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This Is Dan's Best And Worst Trait On Gossip Girl

On Gossip Girl, it was natural for a character to be your friend one minute, and your enemy the next. 

The show, which charted the lives of Manhattan's Upper East Side teens, depicted a social ecosystem full of back-stabbing and double-dealing, where relationships and reputations were consistently on the rocks. If one character was initially meant to stand out as "different" from the rest, immune to the petty behaviors of the elite, it was Dan Humphrey. Played by Penn Badgley, Dan was, in a sense, a stand-in for the audience — an outsider living in Brooklyn (gasp!) who watched the lives of his upper-crust classmates with disdain. Of course, it's quickly revealed that Dan is just as fascinated by them as we are, even seeking to join their ranks. If you count the fact that — spoiler alert — Dan himself is Gossip Girl (a plot point that most of the cast and fans find absurd), his character is further unmasked as an obsessive chronicler of the lifestyles of the rich, going so far as to ruin multiple people's lives, including his own, as well as his younger sister Jenny's.

Even without the bizarre reveal at the end of the series, Dan is a character full of surprises. Unlike most of the characters on the show, he doesn't change from sweet to sour at a moment's notice — his is somewhat of a slower evolution. While Dan's better traits are on display early on, as he courts beautiful it-girl Serena van der Woodsen (Blake Lively) and stands up to sleazy womanizer Chuck Bass (Ed Westwick), it's not long before his true nature comes to the fore, and we realize that Dan is just as bad, if not worse, than the rest of the cast. Here are Dan's best and worst traits on Gossip Girl.

Dan's awkwardness can be endearing

Also known as "Lonely Boy," Dan has that particular brand of nerdy charm that takes people by surprise. Namely Serena, the seemingly aloof and impenetrable socialite and scenester who falls head over heels for Dan's unassuming attractiveness. 

Starting off the series as the guy "nobody knows," Dan's crush on Serena ultimately pays off, as she sees him as an escape from the callousness of the popular boys she knows from school. Dan's rise in popularity, as well as his on-again, off-again romance with Serena provides the backbone for much of the show's six seasons, which ran from 2007-2012, and proves that Dan can certainly be a loving and romantic boyfriend at times. Clearly there's something girls like about him, since he goes on to date many other characters on the show, from the obvious pairing with his artsy childhood best friend Vanessa (Jessica Szohr) to his strange and unlikely coupling with queen bee Blair Waldorf (Leighton Meester) herself. But while Dan's character can be charming at times, his worse qualities often get in the way of his relationships, and his overall like-ability.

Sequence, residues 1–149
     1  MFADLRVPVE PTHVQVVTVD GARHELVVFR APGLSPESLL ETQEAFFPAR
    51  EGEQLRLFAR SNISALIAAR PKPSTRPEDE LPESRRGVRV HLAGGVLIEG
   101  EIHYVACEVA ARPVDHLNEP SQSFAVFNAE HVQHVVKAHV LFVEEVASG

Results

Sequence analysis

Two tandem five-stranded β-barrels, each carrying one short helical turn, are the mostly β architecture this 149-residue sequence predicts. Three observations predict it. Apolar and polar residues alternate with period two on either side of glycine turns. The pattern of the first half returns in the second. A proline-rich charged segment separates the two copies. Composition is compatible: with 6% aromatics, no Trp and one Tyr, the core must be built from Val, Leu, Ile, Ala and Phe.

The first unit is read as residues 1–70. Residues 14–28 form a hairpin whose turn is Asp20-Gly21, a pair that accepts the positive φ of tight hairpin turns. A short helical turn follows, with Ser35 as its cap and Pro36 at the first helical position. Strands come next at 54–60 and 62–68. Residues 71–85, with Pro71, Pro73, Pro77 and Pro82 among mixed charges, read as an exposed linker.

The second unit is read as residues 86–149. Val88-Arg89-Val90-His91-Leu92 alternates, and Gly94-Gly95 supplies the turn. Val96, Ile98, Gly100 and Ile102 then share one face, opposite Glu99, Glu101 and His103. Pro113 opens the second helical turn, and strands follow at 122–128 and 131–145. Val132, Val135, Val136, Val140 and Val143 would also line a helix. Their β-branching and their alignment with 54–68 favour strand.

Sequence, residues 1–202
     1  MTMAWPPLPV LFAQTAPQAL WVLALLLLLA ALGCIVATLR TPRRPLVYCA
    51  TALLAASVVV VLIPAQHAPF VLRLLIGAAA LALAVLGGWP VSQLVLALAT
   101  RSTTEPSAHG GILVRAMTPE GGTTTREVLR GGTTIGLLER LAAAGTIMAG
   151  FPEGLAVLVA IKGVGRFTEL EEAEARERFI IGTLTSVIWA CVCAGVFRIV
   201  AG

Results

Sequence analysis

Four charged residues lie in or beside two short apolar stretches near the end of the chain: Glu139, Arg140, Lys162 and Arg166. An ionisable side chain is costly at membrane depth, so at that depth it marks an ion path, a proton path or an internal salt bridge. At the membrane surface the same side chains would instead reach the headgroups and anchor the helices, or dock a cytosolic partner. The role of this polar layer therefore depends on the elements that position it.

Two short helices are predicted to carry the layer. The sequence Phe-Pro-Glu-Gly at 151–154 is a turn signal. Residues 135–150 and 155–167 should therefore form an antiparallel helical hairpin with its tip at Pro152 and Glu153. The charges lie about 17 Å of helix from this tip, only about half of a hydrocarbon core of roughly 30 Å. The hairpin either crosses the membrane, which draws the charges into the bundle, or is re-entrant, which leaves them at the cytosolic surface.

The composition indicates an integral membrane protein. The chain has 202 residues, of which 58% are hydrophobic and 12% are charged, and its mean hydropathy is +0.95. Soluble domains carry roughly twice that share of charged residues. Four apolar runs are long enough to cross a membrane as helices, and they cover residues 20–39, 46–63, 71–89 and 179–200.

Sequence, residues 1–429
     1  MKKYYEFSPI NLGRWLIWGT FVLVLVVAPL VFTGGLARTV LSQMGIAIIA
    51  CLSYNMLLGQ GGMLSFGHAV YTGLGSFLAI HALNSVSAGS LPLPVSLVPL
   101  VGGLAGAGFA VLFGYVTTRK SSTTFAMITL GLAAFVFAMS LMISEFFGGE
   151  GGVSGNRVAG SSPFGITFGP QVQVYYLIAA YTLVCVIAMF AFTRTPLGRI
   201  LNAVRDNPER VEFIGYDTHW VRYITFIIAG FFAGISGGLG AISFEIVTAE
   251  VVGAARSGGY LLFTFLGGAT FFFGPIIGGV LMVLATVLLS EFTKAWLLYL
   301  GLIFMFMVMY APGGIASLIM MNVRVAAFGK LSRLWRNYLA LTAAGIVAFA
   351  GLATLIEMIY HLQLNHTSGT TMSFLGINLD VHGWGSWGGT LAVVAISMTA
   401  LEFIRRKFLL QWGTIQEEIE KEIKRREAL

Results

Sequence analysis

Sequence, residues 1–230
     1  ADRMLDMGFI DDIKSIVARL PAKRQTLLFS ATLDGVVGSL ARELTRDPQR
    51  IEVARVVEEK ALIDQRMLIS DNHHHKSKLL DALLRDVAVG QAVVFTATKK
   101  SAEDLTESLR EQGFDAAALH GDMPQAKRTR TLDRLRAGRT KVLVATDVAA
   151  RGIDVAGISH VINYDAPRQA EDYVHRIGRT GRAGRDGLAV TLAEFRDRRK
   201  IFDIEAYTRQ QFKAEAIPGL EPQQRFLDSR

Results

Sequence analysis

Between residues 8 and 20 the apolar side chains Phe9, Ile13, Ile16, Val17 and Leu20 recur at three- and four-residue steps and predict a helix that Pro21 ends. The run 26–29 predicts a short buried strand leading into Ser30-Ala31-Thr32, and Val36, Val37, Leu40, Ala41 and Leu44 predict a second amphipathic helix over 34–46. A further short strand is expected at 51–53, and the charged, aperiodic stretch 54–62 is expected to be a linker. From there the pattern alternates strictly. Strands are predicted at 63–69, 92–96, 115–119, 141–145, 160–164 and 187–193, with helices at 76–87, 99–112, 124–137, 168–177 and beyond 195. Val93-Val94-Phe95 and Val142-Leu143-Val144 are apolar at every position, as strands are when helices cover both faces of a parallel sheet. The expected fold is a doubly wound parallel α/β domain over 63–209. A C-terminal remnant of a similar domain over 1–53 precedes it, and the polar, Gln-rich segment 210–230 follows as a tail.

Dan's worst trait is his insecurity

Behind Dan's seeming indifference to the antics of the "in-crowd" lies a painful sense of inadequacy that seeps out gradually over the series. Established early on as an outsider, Dan is constantly worrying about whether or not he measures up to the kids at his elite private school. He complains about the Ivy League admissions process, which he believes is rigged against him since he's not a "legacy," but still dreams of attending one of the eight schools. His relationship with his peers is similar — when he feels rejected, instead of ignoring those who don't accept him, he tries to find a way to win them over.

While much of this is only visible in hindsight, his relationship with Serena is borderline abusive — his insecurities cause him to lash out at her verbally whenever he feels slighted by her. This is apparent from the second episode of the first season, when he can't handle the fact that Serena slept with Nate, or when he ends up sleeping with his teacher despite chastising Serena for doing the same thing. His hypocrisy truly knows no bounds. He ultimately ends up writing a novel completely trashing thinly-veiled characters from his life, including Serena (or "Sabrina" as he not-so-cleverly names her).

The decision to reveal Dan as Gossip Girl was the nail in the coffin for his post-show reputation, but now that HBO is rebooting the series (via Deadline), perhaps Dan's character will fare better.